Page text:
The International Center for the Study of Ethiopian Jewry, a brand-new hub for the exploration of the beliefs and traditions of Jews of Ethiopian origin at Ono Academic College in Kiryat Ono, near Tel Aviv, was inaugurated with a gala event on Jan. 6.
Speaking at the event were Tsegay Berha, Ethiopia’s ambassador to Israel, Montrealer Ilan Gewurz, whose family dedicated the centre’s chair for research of Ethiopian Jewry, the first position of its kind in the world, and Rabbi Sharon Shalom, the centre’s inaugural chairperson.
The decision to found the chair came about very organically, said Gewurz, whose family is behind a number of philanthropic endeavours in Canada and Israel. Years ago, he served with Rabbi Shalom in the IDF’s Givati infantry brigade and although the two lost touch, they were reunited in Montreal years later when Rabbi Shalom spoke at Congregation Tifereth Beth David Jerusalem.
The entire family was captivated by Rabbi Shalom’s impassioned drive not only to share the history and beliefs of Ethiopian Jewry, but also to demonstrate how they can contribute to the Jewish conversation worldwide. And Ono Academic College – a private college with 13,000 students that was founded in 1995 by Montreal native Ranan Hartman, son of the late rabbi and philosopher David Hartman – seemed like the perfect location. Through a wide range of initiatives – including programs for haredi, Arab and autistic people, and an Ethiopian-Israeli leadership program that has already seen two graduates go on to serve in the Knesset – the college has demonstrated its serious ongoing commitment to reflecting Israel’s diversity.
Beyond academic study, one of Rabbi Shalom’s first goals for the centre is sharing the story of Ethiopian Jewry in elementary and high schools, first in North America and later in Israel. Rabbi Shalom has been working alongside scholars and educators at Brandeis University to create a curriculum that will be rolled out in the next school year.
Ethiopian Jews are often misunderstood, Rabbi Shalom told The CJN. They didn’t leave Ethiopia because they were hungry, but because they were full of hope: “We were very rich, we had a great life in Ethiopia, (but) we walked thousands of kilometres from Ethiopia because of the dream.”
Rabbi Shalom walked to Israel with his extended family when he was eight or nine (he never observed his birthday in Ethiopia), only to be told when he arrived that his parents and siblings were dead. Astonishingly, two years after reconciling himself to being an orphan, he was informed that a mistake had been made and he was reunited with his family in Israel.
For Rabbi Shalom, Ethiopian Jewish philosophy offers a fundamentally different perspective on human nature. “In the Talmud, the approach is 80 per cent very negative, but in Ethiopia, 100 per cent, the approach is that human nature is good,” he said.
Separated from the Jewish mainstream for so long, Ethiopian Judaism may offer other Jews a snapshot of authentic pre-Talmudic Jewish traditions and beliefs. Drawing on an image of human beings as fundamentally good creates Ethiopian Jews offer an entirely different approach to halakhah (Jewish law), one in which far more is permitted and there is more tolerance for diversity of belief and practice.
“Difference is not the problem. Difference is a blessing. Reform, Conservative, haredi, secular … we need all these perspectives to put together the puzzle of the Jewish people,” said Rabbi Shalom.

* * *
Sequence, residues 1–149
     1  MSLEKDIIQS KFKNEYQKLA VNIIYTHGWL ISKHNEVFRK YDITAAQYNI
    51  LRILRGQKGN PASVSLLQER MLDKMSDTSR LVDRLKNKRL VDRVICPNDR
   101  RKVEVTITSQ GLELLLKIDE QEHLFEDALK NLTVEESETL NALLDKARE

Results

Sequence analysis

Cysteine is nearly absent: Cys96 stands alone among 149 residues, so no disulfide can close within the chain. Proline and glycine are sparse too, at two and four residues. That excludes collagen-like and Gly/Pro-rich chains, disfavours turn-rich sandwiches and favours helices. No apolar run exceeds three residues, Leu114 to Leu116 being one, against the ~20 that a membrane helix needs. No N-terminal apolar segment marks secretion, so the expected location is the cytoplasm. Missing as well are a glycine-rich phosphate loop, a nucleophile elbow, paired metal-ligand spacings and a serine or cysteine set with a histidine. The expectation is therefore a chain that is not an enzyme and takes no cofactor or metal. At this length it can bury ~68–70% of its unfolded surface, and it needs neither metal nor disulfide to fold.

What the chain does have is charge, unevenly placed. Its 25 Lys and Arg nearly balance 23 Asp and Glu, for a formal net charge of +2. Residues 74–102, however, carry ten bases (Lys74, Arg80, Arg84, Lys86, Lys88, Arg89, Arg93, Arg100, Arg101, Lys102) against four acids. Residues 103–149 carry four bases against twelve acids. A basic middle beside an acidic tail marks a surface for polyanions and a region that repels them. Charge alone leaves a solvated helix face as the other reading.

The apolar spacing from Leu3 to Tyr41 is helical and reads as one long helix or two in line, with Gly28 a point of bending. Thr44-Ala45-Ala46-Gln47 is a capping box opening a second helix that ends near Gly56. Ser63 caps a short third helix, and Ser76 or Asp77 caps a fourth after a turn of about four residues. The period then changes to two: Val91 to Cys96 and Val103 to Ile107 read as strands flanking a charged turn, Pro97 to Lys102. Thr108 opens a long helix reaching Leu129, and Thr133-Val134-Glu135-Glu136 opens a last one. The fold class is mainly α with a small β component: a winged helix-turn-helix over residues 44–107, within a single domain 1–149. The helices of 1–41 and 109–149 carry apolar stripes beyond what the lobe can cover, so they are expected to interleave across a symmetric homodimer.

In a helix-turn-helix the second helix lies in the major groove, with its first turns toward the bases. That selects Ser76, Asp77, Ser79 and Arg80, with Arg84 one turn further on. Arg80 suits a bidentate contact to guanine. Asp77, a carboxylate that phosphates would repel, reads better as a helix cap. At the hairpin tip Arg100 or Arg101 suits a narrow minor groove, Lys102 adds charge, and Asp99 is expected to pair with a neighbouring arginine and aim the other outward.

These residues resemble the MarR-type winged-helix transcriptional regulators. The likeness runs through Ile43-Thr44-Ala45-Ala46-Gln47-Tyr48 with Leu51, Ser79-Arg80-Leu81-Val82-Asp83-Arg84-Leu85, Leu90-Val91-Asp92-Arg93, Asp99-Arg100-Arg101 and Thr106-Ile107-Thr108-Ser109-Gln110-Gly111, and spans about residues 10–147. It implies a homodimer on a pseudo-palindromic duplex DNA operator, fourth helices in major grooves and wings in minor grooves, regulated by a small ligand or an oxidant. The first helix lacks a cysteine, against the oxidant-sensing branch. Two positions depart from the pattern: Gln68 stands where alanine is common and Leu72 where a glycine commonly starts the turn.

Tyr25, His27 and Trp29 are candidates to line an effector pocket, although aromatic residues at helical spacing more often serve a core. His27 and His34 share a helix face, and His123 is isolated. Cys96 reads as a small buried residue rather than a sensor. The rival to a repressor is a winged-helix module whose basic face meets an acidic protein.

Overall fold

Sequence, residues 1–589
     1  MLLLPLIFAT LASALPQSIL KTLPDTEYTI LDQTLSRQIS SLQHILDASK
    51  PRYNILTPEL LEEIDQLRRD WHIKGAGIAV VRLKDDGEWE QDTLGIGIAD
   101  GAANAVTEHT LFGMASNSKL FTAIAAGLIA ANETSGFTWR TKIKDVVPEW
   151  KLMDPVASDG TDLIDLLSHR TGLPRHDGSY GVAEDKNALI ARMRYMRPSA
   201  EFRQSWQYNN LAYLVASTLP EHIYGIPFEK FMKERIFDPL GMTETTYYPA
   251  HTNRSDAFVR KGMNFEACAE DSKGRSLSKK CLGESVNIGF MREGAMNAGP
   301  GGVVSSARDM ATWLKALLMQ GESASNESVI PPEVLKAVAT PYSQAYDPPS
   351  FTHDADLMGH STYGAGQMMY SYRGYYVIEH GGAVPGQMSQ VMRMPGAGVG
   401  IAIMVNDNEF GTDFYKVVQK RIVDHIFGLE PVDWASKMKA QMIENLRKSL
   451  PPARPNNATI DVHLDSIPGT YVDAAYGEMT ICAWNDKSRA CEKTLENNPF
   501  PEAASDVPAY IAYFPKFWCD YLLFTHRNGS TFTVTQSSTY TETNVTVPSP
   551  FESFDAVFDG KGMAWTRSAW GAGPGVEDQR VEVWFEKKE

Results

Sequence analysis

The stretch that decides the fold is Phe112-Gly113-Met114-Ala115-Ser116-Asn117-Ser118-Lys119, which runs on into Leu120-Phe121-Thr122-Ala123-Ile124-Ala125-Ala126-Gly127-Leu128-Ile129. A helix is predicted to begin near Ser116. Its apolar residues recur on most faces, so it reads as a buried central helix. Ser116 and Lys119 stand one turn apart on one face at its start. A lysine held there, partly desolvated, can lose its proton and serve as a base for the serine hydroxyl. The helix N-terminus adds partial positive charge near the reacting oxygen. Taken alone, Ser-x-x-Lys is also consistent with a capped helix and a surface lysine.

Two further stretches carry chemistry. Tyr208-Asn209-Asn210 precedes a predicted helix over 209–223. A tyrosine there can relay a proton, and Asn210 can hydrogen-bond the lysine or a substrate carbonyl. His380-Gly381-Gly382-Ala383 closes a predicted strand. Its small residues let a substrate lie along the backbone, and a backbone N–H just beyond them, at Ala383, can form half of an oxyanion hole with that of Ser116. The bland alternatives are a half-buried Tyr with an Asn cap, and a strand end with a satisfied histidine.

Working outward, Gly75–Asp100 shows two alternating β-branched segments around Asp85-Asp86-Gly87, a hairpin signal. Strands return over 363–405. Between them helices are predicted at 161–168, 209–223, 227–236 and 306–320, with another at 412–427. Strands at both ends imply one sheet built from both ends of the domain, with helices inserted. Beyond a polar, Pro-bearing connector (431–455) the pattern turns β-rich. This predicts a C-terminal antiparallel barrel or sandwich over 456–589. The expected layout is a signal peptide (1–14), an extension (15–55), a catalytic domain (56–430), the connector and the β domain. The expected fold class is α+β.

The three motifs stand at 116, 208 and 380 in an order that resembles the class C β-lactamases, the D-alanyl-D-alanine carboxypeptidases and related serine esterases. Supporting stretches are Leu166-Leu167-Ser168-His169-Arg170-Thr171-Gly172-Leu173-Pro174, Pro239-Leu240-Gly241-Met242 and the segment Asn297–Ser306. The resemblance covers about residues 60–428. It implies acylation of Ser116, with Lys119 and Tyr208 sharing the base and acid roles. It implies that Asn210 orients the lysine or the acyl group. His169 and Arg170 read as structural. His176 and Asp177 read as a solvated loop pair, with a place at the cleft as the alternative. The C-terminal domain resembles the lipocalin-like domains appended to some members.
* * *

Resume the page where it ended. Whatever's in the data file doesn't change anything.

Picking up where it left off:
Rabbi Shalom said that one of the reasons the centre is focussing first on educating North American students about Ethiopian Jewry is because he believes they will be less resistant to expanding the Jewish story beyond the standard Ashkenazic narrative. Changing entrenched attitudes can be more difficult in Israel.
A friend of his, who’s also of Ethiopian origin, was harshly rebuffed in 2016, when she participated in an Israeli Ministry of Education committee tasked with introducing Mizrachi narratives into the school curriculum. When she asked about including Ethiopian content, she was told that, “We’ve waited 40 years to be able to tell our story. You just got here, now you need to wait.”
Gewurz believes the time is right to share the story of Ethiopian Jews, now that many of them have gained a stronger foothold in Israel. “Now you have a generation of people who remember Ethiopia, but are really Israeli and powerful enough to give voice to their needs and interests and journey,” he said.
Rabbi Shalom hopes their message will find a receptive audience in North America, which can then serve as a springboard for success back in Israel. “American Jews are more open, more liberal, more multicultural. And we are sharing something very positive,” said Rabbi Shalom.
He cautions that the curriculum shouldn’t devolve into “learning how black Jews came to Israel and they’re very cute and they’re very nice,” but should explore their core beliefs and the hope that sustained them through 2,000 years of exile. “The philosopher Nietzsche said that hope is illusion,” said Rabbi Shalom. “We don’t believe that.”
Speaking at the inauguration, which featured a rich buffet of Ethiopian delicacies, Ambassador Berha praised the “marvellous history and culture of Ethiopian Jews and Israelis.” Today, there are about 144,000 Israelis of Ethiopian origin, with another 8,200 Falash Mura, descendants of Jews who are ineligible for aliyah since their ancestors converted to Christianity, still in Ethiopia.
Gewurz said that supporting the centre feels very natural for his family, since they are part of an English-speaking minority in a French-speaking province. “It celebrates multiple ways to be part of a nation,” he said. “We’re stronger when we tell the story of the different ways to be Jewish and the different journeys that the Jewish people have experienced.
“We hope it will evolve and develop in ways we can’t yet imagine.”